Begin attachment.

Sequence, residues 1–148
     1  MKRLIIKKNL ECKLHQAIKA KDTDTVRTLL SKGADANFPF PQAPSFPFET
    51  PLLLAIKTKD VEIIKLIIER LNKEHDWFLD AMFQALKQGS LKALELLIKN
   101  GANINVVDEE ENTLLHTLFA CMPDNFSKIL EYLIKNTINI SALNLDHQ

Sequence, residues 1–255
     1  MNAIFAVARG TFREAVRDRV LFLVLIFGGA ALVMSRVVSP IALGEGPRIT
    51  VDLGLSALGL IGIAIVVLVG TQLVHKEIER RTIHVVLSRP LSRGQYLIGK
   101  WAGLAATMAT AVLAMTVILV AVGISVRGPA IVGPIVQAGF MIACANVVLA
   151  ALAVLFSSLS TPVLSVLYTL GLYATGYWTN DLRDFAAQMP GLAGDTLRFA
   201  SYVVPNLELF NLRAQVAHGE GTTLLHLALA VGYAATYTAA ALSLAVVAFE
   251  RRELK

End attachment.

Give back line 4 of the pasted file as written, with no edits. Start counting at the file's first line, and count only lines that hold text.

   101  GANINVVDEE ENTLLHTLFA CMPDNFSKIL EYLIKNTINI SALNLDHQ